• MOVE – bone is RE-ACTIVE NOT proactive.  For bone to get stronger and for them to induce remodelling, bones must experience stress – ie impact.
  • eating disorders & having a low muscle mass as you age can have a negative impact on the bones.
  • Vitamin D deficiency – I think everyone knows that Vitamin D is the one vitamin to help bone health.  Take supplements from October through to May time.  Get your levels checked, some people need to be on Vitamin D all year around.

The importance of exercise for bone health especially in the menopausal years

As I said above, exercise and moving more can really help your bone health.  Here are some tips to start, easy and very doable, you just need to make some time for them in your day:

  • Walk more – if you do, that is great.  If you have a sedentary job make time to walk at lunch time, go downstairs to make a cuppa or get out of the office in lunch time – use the stairs
  • If you enjoy exercise – try to book in a minimum of 3 sessions a week – they don’t need to be long, but if you can do jumps – burpees, mountain climbers, squat jumps that is great.  If your pelvic floor doesn’t allow it then it is about doing movements which create impact but it is less stress on the pelvic floor
  • Don’t be scared of strength training.  Honestly, it is worth starting if you  never have.  Strength training can start with body weight exercises, bands, light dumbbells & then progress to heavier and then heavier weights.  In my Online Membership I have lots of strength classes and the techniques of how to do them too.
  • Build muscle mass – we lose it, like bone, from the mid 30’s and then more dramatically post menopause.  Work on strength exercises or cardio – remember your heart is a muscle. Muscles support and protect the bones, so it is important.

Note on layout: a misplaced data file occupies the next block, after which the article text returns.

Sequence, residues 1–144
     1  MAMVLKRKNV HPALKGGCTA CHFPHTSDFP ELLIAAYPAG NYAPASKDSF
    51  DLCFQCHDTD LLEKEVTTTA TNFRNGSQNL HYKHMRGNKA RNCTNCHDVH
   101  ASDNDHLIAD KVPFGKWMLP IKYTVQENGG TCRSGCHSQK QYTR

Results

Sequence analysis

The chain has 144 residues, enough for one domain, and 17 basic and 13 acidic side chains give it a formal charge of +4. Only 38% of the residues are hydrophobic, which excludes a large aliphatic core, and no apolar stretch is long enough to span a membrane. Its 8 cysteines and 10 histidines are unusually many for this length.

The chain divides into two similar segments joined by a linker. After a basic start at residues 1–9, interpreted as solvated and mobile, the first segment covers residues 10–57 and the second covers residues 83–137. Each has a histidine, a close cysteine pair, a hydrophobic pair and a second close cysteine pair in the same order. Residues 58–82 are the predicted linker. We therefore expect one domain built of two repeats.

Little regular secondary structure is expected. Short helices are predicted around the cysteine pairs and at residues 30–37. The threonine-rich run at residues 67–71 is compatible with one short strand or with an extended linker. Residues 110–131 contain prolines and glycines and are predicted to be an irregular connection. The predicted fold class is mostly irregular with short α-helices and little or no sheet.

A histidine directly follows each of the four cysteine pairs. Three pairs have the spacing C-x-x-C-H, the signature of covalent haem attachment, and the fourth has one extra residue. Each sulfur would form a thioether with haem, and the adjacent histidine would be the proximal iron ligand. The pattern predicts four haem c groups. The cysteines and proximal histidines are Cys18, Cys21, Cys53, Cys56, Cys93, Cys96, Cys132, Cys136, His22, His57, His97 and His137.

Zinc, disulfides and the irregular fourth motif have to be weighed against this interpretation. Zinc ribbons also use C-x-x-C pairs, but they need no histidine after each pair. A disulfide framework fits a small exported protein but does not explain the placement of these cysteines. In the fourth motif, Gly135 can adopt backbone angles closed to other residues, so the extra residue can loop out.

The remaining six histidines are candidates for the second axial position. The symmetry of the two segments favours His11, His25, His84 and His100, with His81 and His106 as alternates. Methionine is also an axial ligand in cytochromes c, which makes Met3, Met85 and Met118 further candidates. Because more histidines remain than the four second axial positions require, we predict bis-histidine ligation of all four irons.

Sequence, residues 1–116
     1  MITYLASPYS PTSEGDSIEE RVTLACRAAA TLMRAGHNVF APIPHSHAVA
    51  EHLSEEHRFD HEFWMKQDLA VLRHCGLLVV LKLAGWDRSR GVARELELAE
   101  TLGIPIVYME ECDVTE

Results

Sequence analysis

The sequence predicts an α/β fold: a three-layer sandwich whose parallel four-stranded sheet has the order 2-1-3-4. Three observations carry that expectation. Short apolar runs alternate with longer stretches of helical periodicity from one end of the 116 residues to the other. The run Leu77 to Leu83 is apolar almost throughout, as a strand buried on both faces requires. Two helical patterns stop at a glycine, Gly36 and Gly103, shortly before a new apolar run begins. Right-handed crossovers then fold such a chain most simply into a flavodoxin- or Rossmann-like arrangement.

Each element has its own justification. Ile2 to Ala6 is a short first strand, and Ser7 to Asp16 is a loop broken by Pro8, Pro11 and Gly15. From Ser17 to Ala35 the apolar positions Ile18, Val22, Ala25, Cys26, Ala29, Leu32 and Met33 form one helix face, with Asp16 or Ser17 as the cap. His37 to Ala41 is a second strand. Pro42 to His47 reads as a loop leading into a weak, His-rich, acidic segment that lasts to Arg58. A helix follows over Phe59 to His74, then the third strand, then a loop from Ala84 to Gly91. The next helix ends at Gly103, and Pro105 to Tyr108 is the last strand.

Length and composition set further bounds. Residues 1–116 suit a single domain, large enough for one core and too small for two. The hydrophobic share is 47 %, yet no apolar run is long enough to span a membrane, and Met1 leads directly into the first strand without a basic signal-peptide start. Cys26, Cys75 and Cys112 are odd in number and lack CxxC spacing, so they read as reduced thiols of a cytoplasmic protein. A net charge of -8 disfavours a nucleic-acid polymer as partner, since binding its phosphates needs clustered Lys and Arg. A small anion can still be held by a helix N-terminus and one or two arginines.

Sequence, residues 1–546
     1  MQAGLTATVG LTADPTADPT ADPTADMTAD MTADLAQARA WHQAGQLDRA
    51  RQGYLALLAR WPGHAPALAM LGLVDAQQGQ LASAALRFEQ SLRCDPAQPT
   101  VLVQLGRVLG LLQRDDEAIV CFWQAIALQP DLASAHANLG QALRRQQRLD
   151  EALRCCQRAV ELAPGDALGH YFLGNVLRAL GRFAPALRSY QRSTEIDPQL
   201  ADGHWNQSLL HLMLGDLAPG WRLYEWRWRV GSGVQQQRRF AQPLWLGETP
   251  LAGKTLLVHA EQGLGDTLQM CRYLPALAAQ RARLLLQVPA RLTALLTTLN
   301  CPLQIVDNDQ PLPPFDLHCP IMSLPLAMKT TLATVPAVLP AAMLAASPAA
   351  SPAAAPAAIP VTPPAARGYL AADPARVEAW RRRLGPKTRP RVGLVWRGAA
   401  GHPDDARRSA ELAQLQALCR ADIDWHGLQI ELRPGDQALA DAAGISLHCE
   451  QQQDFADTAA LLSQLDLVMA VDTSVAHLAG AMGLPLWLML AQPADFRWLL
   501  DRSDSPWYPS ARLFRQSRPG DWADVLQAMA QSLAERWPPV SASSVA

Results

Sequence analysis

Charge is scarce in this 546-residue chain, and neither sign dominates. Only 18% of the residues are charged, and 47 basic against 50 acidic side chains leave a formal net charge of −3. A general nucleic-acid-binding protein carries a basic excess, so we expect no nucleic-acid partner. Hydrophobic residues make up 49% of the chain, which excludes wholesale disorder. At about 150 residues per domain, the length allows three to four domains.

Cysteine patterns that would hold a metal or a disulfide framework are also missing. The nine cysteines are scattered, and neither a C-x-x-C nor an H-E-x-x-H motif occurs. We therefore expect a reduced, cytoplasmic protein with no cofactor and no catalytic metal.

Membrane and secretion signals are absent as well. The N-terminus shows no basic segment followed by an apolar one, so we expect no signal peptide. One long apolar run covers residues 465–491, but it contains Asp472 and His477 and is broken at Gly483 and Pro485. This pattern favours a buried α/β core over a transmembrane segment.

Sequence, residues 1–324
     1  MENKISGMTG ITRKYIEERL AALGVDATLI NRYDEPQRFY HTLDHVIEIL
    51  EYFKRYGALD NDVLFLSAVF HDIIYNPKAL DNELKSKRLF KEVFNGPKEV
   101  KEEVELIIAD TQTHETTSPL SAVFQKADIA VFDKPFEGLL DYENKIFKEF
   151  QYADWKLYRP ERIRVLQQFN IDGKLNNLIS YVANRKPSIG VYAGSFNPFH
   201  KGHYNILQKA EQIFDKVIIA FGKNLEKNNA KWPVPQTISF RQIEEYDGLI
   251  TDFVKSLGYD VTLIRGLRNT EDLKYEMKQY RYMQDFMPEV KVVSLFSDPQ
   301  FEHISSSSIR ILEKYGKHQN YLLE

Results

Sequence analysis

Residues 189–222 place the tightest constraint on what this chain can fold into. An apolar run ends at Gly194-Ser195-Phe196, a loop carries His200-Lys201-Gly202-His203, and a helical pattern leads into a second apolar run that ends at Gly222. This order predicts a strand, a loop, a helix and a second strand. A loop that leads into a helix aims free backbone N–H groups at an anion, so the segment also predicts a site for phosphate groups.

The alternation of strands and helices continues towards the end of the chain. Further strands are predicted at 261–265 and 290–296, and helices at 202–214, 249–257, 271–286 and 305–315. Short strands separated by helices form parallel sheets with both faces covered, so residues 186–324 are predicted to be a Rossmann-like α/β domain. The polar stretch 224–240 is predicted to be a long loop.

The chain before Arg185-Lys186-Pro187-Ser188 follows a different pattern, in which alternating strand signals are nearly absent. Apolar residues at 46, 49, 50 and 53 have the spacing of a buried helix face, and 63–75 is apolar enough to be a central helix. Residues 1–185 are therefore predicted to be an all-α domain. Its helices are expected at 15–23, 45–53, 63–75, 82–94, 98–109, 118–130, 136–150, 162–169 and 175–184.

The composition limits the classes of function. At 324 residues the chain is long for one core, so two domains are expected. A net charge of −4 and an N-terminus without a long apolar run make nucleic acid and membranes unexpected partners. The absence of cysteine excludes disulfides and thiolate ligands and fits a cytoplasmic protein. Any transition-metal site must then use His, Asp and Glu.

• Cycling and swimming – I wanted to touch on this.  So long as you push yourself, build muscle mass to support the bones and get out of breath – these exercises are excellent for your health.  HOWEVER, they are NOT exercises that will help your bone health as there is no impact so the bones don’t get stressed to build back stronger.
  • Most importantly – to keep doing the exercise you want to.  Choose something you enjoy and will keep up.  Try lots of different classes – dancing, Nordic walking, step, aerobics, body pump, body balance, yoga or pilates, walking or jogging with friends.  Try the weights classes or with a PT, learn how to lift properly, you may really enjoy it!

To finish, remember, it is your body and it is essentially only you who can look after it and take some of these preventative measures.

Too often people only do something when they break a bone or have a DEXA scan and are told they have osteopenia (pre- osteoporosis) or osteoporosis.  Start NOW no matter what age you are.

Still not sure which fitness class is for you?

Are you a woman who has pelvic girdle pain? Do you have pelvic floor issues? Have you had a C-section, episiotomy or tears? Do you have a Diastasis Recti or weak deep abdominals? Are you peri – menopausal? Do you want to get fit in a safe environment? I can help, get in touch to find out more.